His Southern heritage is important. He is courteous, and that was very important in how he dealt with foreign leaders. When [Chinese President] Jiang [Zemin] dropped his papers accidentally on the floor. Clinton went over and picked up the papers. I’ve been told by many Chinese that Jiang was enormously moved by the fact that the president of the United States would go over and pick up his papers. If that had happened in China, flunkies would have come out and picked up the papers. That was a natural thing for the president to do—but not necessarily a natural thing for anybody to do. So those are the strengths.
Weaknesses. When he asked me to be national security advisor, Clinton said: “The first four years I drove you crazy by what I don’t know. The next four years I’m going to drive you crazy by what I think I know and I don’t.” There was a lack of discipline in recognizing that we had to do things within a certain kind of a box. He was always resisting the box. We didn’t always set priorities as sharply as we could. Because he’s a person of such eclectic interests, he wants to do everything, and you can’t do everything.
On the National Security Advisor’s Workday
I had an inbox that was a foot high. My intention was never to go home without emptying the inbox. I didn’t want a bottleneck for anything that needed to go forward. So I’d work from 7:00 until usually 10:00-10:30, going through my inbox, going through paper, and get home about 11:00. The kids are asleep, my wife is asleep. Macaroni and cheese in the refrigerator at best. I’d say three nights a week, the phone would ring between 12:00 and 6:00, because most of the world is awake while we’re sleeping and most of the world is sleeping while we’re awake. We’d suddenly have a problem that they’re taking over our embassy in Karachi and we’ve got to dispatch the Marines or whatever. Saturday and Sunday, I tried to work at home. I don’t think I took a day off in eight years.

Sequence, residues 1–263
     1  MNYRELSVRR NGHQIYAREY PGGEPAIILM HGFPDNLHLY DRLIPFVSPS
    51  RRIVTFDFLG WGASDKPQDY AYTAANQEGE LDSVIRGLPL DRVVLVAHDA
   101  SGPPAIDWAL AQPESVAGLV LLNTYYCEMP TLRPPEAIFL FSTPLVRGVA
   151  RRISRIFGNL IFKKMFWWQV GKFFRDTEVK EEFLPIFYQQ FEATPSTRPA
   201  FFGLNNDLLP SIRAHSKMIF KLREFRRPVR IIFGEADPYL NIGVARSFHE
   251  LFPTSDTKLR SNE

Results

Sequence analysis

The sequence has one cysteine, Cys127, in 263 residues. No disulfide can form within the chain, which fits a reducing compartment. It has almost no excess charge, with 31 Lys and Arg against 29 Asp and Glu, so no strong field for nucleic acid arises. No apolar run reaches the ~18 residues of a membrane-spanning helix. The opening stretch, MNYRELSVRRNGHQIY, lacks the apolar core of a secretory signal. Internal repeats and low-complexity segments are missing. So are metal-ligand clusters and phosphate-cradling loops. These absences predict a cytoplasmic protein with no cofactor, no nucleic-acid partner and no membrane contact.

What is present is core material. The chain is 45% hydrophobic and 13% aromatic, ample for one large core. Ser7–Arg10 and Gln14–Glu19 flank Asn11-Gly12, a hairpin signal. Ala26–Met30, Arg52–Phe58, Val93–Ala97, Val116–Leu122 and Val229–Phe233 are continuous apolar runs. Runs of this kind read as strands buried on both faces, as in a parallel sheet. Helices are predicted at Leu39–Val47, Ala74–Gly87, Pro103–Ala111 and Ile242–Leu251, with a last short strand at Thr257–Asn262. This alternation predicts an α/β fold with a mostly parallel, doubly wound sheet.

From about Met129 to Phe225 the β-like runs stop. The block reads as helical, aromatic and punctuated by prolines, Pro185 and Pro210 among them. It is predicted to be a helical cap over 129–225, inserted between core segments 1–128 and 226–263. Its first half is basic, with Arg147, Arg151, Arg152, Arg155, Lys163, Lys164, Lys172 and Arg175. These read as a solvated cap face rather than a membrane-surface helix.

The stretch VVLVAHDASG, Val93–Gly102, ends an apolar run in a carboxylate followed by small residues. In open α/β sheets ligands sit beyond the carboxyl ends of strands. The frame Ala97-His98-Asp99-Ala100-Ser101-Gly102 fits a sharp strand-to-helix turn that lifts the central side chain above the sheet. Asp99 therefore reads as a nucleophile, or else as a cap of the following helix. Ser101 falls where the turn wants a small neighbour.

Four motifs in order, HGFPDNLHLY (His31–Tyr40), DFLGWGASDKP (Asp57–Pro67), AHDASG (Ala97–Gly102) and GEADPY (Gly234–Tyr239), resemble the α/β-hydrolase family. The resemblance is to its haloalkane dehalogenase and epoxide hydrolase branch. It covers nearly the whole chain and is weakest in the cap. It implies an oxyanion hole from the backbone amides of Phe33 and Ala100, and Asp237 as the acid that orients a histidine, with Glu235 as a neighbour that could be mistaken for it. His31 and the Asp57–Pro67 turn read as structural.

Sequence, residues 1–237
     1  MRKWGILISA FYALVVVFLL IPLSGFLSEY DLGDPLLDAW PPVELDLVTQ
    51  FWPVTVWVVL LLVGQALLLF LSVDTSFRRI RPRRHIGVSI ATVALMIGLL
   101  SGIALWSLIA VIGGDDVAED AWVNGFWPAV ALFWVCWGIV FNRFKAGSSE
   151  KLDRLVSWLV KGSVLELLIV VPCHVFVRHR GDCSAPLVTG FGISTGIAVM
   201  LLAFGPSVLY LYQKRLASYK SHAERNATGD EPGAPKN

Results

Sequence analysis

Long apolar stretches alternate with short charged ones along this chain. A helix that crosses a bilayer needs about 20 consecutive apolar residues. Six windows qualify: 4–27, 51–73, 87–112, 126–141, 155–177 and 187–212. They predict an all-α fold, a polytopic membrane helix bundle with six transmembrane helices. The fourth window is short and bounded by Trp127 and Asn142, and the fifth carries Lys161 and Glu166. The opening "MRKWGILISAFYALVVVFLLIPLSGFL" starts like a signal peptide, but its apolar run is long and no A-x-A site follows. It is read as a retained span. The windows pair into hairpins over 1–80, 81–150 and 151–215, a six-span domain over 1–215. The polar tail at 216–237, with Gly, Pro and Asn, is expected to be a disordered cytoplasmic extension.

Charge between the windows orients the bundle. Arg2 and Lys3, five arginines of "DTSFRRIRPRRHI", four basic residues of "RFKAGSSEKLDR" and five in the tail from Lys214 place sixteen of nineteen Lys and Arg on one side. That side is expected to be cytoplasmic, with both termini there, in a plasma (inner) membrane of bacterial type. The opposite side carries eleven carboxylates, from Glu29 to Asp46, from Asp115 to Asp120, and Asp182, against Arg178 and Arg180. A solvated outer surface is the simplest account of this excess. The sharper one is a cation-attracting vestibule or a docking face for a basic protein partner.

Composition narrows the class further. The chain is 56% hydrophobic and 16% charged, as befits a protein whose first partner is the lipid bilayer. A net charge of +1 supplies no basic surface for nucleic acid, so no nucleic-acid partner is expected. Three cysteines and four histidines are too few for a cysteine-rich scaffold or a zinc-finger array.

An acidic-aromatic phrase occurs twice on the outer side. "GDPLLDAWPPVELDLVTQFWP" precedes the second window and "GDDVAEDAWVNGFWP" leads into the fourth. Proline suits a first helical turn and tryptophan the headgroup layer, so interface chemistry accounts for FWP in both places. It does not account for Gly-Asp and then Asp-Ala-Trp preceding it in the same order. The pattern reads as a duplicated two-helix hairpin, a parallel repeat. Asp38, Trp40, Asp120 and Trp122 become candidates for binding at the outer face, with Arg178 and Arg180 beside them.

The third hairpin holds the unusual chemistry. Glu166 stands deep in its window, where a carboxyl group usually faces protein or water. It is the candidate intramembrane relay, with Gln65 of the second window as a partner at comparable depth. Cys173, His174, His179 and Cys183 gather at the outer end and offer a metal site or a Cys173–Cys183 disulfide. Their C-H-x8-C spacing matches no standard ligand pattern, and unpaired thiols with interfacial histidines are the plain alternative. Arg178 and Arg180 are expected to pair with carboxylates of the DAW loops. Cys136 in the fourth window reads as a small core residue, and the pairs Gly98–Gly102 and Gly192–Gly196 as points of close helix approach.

I was very famous on my staff for a couple of things. I insisted that everybody wear pagers. We didn’t have cell phones at that point; we had pagers. My view was, if you’re working for the president of the United States, you’re working 24/7. You have no such thing as private time. If there was a crisis in Asia at 2:00 in the morning, I wanted to be able to reach you. So you slept with a pager next to you. You had sex with the pager attached to you. There was no excuse.